These findings concur with studies showing that the effects of anti-
oxidants on human health are equivocal  as are the efficacy of
pharmacological mimetics of antioxidants . Genetic overex-
pression of various antioxidants and their effects on lifespan in
various animal models similarly yield conflicting results and knock-
ing down antioxidant protection, while leading to more oxidative
damage, does not impact upon longevity . This observation
correlates with the negative data from various dietary treatments
with exogenous antioxidants that sometimes lead to extended me-
dian ages, but almost never extends MLSP [176, 183, 184]. If the
oxidative stress theory holds true it would suggest that variation in
rates of ROS importantly influences MLSP and that consequent
oxidative damage is imperfectly countered by antioxidants.
The oxidative stress theory of aging asserts that the decline in
functionality that characterizes the aging process is due to progres-
sively increasing oxidative damage. Most comparative studies
compare data from young healthy adults providing a snap shot of
oxidative damage at a given age of each species. The rationale be-
hind this approach is that traits influencing rates of aging ought to
be present throughout life and if these traits facilitate long life, even
at an early age their impact should be evident. Accrued oxidative
damage may not only influence aging but also may impact consid-
erably on many life history characteristics dependent upon the ap-
portioning of energy metabolism into fecundity, development, so-
matic maintenance and maximum species lifespan.
Several comparative studies show an inverse relationship be-
tween oxidative damage and longevity, already evident in young
healthy adults [173, 190, 191]. However, many exceptions to this
premise have been reported. For example within flies, the longer-
lived Drosophila species has more protein carbonyls than the
shorter-lived blow flies (Calliphora vicina ) . Similarly
longer-lived birds have higher levels of oxidative damage to DNA
than do shorter-lived mammals , and within mammals both
long-lived vampire bats and naked mole-rats have higher levels of
protein carbonyls than short-lived rats and mice measured under
identical conditions [1, 175, 182, 194]. The level of oxidative dam-
age, such as MDA differs substantially among tissues. Despite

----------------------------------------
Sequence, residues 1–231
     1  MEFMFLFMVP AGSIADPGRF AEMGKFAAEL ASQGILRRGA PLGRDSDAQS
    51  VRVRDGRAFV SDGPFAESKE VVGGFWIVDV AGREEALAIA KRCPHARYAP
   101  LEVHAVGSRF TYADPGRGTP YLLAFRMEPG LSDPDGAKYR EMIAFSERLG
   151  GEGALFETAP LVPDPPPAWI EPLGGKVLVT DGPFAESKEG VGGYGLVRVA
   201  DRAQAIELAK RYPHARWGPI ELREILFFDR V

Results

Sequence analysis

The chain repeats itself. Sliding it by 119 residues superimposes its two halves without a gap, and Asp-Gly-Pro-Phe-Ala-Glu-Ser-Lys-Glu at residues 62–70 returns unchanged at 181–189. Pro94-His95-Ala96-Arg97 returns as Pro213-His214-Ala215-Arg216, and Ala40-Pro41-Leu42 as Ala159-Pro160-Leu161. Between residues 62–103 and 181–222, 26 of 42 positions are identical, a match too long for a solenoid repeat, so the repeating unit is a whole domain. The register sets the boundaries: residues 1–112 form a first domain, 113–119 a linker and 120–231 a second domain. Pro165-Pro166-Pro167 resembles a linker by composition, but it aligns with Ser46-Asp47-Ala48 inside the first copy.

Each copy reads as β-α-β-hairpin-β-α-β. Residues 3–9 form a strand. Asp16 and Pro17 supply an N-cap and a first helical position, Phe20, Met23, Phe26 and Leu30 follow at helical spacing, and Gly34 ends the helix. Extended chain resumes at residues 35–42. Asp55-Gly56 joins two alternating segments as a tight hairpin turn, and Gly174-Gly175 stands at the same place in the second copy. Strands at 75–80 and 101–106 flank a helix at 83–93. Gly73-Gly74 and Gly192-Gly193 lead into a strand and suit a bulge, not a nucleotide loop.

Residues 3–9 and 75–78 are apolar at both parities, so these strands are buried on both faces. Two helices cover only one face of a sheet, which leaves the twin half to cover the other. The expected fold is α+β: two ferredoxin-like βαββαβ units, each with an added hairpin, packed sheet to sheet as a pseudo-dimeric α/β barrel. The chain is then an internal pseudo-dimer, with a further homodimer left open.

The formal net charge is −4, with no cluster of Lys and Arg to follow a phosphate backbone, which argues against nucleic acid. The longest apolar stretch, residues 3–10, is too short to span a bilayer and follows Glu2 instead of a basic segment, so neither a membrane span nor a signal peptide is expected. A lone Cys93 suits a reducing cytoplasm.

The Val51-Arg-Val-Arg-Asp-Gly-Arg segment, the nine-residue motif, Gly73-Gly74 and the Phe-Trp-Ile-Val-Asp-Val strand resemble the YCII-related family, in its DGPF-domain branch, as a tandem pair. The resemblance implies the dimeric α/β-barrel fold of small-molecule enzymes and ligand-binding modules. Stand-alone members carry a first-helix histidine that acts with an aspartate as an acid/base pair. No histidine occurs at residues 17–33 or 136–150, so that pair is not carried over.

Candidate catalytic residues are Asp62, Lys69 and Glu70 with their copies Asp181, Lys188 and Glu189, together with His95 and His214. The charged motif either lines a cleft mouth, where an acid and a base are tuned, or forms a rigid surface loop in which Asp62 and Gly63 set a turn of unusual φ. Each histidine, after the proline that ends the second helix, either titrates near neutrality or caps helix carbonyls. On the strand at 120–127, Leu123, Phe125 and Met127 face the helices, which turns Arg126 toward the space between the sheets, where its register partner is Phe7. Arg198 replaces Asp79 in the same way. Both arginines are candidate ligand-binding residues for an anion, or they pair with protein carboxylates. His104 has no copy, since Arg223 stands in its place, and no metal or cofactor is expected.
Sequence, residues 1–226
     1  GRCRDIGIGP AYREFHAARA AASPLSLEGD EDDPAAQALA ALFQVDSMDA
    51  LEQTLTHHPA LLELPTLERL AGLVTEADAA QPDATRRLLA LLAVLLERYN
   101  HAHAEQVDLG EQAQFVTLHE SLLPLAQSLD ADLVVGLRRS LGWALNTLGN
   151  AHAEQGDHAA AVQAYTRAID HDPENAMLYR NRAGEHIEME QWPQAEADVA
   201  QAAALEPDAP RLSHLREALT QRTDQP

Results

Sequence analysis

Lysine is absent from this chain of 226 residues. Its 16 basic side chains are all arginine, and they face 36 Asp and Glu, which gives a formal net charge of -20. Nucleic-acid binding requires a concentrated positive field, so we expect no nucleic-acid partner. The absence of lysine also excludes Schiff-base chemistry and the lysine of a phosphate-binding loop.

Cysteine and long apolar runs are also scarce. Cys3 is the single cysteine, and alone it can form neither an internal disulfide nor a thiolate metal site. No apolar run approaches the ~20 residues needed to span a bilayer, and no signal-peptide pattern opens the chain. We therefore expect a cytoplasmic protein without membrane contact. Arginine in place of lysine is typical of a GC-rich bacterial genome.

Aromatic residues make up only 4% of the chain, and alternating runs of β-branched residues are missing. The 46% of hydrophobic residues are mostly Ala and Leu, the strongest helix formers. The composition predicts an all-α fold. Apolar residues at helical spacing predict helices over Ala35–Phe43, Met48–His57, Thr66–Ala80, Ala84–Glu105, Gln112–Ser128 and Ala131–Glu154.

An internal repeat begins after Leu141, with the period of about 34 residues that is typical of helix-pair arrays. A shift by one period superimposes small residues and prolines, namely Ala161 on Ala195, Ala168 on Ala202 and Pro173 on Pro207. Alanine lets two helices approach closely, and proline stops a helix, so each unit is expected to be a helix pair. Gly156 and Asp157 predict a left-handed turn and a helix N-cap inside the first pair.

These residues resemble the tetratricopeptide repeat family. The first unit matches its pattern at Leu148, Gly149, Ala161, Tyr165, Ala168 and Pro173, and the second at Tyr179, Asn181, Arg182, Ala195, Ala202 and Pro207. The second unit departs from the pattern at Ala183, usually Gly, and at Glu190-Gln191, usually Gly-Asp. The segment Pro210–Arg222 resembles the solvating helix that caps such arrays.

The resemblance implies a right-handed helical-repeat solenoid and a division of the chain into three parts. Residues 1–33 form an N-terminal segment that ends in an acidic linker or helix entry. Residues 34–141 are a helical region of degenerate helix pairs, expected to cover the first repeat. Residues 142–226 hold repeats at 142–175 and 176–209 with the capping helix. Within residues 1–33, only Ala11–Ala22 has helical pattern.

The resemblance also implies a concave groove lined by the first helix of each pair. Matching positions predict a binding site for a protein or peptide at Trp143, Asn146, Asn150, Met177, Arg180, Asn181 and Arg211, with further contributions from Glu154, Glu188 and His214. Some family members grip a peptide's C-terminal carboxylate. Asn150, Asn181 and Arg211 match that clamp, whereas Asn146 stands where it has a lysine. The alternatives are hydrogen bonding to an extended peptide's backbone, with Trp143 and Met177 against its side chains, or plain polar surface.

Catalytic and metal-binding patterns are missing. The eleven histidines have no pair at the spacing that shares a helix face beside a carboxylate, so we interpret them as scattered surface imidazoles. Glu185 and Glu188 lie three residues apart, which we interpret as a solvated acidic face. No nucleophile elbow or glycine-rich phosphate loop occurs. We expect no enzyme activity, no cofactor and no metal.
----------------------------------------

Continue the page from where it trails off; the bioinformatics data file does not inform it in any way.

lower levels of ROS production in muscle than in heart tissues (Fig.
2), muscle tissue exhibits twice as much lipid peroxidation as ob-
served in heart tissue (Fig. 4) and exhibits a similar level of antioxi-
dant protection (Fig. 3). The degree of oxidative damage is de-
pended upon dietary fatty acid content, as is evidenced by the sig-
nificantly greater MDA levels following chronic dietary supple-
mentation with n-3 rich flaxseed oil. High levels of oxidative dam-
age in mole-rats and bats has been attributed to their high intracellu-
lar iron content wreaking havoc with redox [182, 195]. Such inter-
specific and ontogenetic differences in iron homeostasis are likely
to have a huge impact on rates of aging and sudden increases in
ROS-related damage leading to death.
Oxidative damage measurements made in tissue samples are the
net result of several interacting processes associated with primary
rates of ROS generation in mitochondria including autocatalytic
secondary ROS production as a result of phospholipid peroxidation,
neutralization of ROS by antioxidants as well as damage repair and
the removal of damaged products by nucleases, proteases and auto-
phagy that precede the sampling point. These net levels of oxidative
damage as such may represent a “steady-state” level of damage
tolerance rather than indicative of rates of oxidative stress. Steady-
state levels of oxidative damage, based upon these premises reveal
a lack of consistent patterns, with higher and lower levels of net
damage reported in longer-lived birds, bats, and rodents [178, 186,
196, 197]. While it is possible that all the exceptions to the oxida-